Eli testing out the new Rab Xenon X Hoodie layered over a single long sleeve sun shirt on he and Alejo's prep climb of Tarija and Pequeno.  What a great jacket that breathes enough to wear all day yet very comfortable in colder alpine conditions and it was the layer i wore every day on this trip.

Clouds in front of Peak "Austria".

One of the rapidly retreating glaciers in the tropics.

Our high camp on the Tarija Glacier at approx. 17,000'.  We received a 25cm dump of new snow in the afternoon and evening before this sunrise shot.  The new snow combined with rapid heating created avalanche conditions that caused us to abort our attempt on the Pequeno Alpamayo.  There's always next year!

Close-up of one of the sub-summits of Tarija Peak.

    A herd of llamas heads up valley for some alpine grazing. They are raised here for both meat (mostly dried as jerkey) and of course their hair which is highly valued for weaving clothes and blankets.

Wyoming Peak is a 5440m peak with 550m of steep terrain on its west face that contains attractive snow and ice runnels and so great mixed terrain on this imposing face.

Returning to the trailhead with the Condoriri massif dominating the eastern skyline.

Departing shot of the two summits on Condoriri with the large partly-hanging glacier below.

Monday, October 7, 2013

Trekking into the Valle de las Animas

We returned to La Paz last week and with Steve coming from his nearly sea level home in Philadelphia we have planned a gradual acclimatization schedule to ensure the best health and success in our planned ascents in the nearby Cordillera Real.  

Today was our biggest walk since arriving and it turned out to be a perfect loop that took us through some truly amazing terrain at a perfect pace and with great weather and partners, who can complain?

The ridge crest of the Animas Canyon with La Paz in the near distance.

Views towards La Paz and the Valle de la Luna which lays behind the black rock spur of the Devil's Tooth.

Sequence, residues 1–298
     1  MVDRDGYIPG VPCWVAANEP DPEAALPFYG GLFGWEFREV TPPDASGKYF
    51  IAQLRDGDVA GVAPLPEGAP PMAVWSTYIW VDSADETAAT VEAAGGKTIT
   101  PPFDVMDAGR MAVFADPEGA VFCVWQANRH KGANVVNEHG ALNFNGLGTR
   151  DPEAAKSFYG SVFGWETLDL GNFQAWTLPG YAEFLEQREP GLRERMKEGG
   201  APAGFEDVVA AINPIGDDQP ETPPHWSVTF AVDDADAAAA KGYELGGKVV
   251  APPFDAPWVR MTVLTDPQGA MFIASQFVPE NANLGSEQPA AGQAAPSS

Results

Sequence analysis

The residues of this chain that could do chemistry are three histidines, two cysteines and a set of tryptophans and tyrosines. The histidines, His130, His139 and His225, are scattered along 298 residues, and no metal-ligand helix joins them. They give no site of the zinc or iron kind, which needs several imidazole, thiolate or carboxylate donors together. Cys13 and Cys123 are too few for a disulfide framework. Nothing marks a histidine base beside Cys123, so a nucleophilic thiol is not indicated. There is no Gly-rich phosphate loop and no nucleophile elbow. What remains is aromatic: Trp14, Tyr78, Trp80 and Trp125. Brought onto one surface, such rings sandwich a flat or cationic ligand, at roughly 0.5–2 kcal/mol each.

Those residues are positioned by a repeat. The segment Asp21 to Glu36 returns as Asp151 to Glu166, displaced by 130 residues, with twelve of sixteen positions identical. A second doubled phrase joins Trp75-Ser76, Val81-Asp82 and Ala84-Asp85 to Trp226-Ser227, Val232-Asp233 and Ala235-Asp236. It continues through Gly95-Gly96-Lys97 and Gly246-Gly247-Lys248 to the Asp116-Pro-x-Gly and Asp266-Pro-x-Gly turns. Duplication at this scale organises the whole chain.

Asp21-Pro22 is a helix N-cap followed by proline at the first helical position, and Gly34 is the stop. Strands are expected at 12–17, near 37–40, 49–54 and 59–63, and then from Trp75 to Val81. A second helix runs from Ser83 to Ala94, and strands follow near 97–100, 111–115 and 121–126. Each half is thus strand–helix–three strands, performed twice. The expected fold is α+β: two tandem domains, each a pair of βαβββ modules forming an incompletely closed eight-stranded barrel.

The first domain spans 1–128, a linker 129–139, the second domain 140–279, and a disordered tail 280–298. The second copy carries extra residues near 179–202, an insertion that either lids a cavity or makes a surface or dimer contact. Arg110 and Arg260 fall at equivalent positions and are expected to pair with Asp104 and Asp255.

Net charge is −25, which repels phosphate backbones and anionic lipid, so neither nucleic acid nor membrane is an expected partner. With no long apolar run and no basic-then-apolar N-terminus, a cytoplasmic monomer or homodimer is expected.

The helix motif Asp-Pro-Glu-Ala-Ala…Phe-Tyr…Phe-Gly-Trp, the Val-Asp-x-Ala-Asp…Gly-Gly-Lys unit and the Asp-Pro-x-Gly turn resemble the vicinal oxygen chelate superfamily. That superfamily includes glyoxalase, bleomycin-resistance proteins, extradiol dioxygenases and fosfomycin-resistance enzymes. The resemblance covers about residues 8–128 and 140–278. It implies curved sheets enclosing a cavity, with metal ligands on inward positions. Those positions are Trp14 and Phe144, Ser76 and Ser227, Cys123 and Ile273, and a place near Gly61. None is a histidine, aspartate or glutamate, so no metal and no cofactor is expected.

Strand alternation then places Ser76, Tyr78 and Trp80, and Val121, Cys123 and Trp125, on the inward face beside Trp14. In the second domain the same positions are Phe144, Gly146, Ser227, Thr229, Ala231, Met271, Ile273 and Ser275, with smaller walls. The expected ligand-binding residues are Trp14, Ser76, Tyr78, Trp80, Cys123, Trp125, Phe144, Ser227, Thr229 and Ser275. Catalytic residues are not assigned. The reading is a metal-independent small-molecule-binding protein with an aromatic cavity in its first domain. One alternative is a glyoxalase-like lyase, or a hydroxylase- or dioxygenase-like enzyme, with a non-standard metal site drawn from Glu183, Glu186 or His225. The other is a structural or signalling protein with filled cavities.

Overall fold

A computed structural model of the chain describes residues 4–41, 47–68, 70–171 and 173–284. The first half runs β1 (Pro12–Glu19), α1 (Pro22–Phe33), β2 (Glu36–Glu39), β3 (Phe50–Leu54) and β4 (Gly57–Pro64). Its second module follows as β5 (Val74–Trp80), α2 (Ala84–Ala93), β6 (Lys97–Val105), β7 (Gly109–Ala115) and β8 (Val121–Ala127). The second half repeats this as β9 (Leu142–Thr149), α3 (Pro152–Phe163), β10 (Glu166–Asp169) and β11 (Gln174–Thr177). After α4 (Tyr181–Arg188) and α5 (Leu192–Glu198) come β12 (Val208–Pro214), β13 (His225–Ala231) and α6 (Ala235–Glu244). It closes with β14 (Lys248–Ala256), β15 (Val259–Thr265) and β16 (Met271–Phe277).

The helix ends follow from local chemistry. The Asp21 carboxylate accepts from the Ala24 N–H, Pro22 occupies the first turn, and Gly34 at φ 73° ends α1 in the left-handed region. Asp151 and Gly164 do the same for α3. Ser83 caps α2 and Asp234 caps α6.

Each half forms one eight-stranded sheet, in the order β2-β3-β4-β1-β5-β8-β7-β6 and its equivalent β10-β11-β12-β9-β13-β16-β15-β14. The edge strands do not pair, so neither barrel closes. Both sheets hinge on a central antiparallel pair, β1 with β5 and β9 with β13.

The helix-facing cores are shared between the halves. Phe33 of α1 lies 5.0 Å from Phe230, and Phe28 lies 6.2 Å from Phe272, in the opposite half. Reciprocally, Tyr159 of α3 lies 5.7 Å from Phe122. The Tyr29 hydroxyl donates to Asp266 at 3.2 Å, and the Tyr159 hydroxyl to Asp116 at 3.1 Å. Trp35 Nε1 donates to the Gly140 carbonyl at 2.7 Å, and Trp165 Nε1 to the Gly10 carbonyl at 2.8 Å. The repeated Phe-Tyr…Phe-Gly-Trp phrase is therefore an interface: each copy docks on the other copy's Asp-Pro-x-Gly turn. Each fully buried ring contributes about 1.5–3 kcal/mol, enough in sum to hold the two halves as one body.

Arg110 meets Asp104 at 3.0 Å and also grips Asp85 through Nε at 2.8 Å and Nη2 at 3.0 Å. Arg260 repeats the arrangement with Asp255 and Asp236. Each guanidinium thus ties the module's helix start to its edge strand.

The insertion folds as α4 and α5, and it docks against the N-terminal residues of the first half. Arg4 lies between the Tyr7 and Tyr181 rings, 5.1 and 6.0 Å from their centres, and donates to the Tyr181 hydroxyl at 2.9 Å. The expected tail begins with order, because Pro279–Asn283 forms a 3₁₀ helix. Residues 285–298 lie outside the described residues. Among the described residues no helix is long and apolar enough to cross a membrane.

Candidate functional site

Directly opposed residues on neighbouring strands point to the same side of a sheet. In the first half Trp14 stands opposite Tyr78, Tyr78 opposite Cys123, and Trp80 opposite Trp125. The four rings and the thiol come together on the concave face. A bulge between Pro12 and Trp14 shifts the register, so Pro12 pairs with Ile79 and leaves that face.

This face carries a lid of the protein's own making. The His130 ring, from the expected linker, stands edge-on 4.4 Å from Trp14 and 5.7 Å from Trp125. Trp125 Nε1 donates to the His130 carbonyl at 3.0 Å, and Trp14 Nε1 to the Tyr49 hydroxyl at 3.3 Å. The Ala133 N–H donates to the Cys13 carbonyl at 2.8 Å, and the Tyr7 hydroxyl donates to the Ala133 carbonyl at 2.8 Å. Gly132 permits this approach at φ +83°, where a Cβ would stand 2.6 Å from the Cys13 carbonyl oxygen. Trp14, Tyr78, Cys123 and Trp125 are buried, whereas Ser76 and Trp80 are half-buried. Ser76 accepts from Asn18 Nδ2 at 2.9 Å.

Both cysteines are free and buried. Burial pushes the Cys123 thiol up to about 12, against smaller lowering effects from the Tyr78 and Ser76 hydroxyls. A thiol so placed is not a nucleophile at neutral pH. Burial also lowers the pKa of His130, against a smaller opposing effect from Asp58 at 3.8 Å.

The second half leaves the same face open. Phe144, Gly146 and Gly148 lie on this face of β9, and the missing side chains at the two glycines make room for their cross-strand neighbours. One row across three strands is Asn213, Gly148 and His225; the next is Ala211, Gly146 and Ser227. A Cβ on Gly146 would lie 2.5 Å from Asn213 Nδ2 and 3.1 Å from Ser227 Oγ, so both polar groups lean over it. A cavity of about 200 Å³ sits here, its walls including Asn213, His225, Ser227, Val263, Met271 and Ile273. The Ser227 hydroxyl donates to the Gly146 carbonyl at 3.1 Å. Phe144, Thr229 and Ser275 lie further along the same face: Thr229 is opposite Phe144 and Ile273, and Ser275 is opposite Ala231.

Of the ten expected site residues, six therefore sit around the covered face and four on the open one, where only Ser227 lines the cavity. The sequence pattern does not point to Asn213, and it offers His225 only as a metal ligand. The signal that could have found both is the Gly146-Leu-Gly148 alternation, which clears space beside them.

Creek bed close-up above the Valle de las Animas.

 A traverse of the upper Animas Canyon provided a nice sustained loop above 14k with views of the nearby high peaks.

 Mudstone fins and the foothills of the Cordillera Real, nearby the popular peak of Huayna Potosi.  These fluted ridges above the famous Valle de las Animas cover much of the terrain between 12-14k on the southern flanks of the Calacoto Valley just south of downtown La Paz.

 Illimani mountain begins to shed the cloud cover that was blowing towards the close Amazon basin to the east of this peak.  A bit of lunch and a nap in the warm sun at 14k was the halfway point of this 7hr. trek.  Extensive grazing of sheep, cows, and llamas has kept the vegetation short and well fertilized.

 The best view we gained of the west face of Mt. Mururata (19,262').  The regular route gains this glacier from nearby the visible toe and follows the same glacier up and right to the summit.

 Alejo remembering a 2005 ascent of Mururata via the steep south face with a descent down the visible west face route.

 Illimani showing us a bit more of her west face as we descended into the Animas Canyon.

 Beginning the descent into the upper Animas Canyon.  The rest of today's photos are from our descent through the entire canyon where there was minimal sign of human impact and we saw no one else on our entire trek.

We managed hot showers back at the hotel where Alejo enjoyed the sauna and after a tasty dinner at the nearby "Charlie Papas" restaurant, our full day in the high altitude sun took its toll as sleep comes easy in the soft beds of the Casa Grande.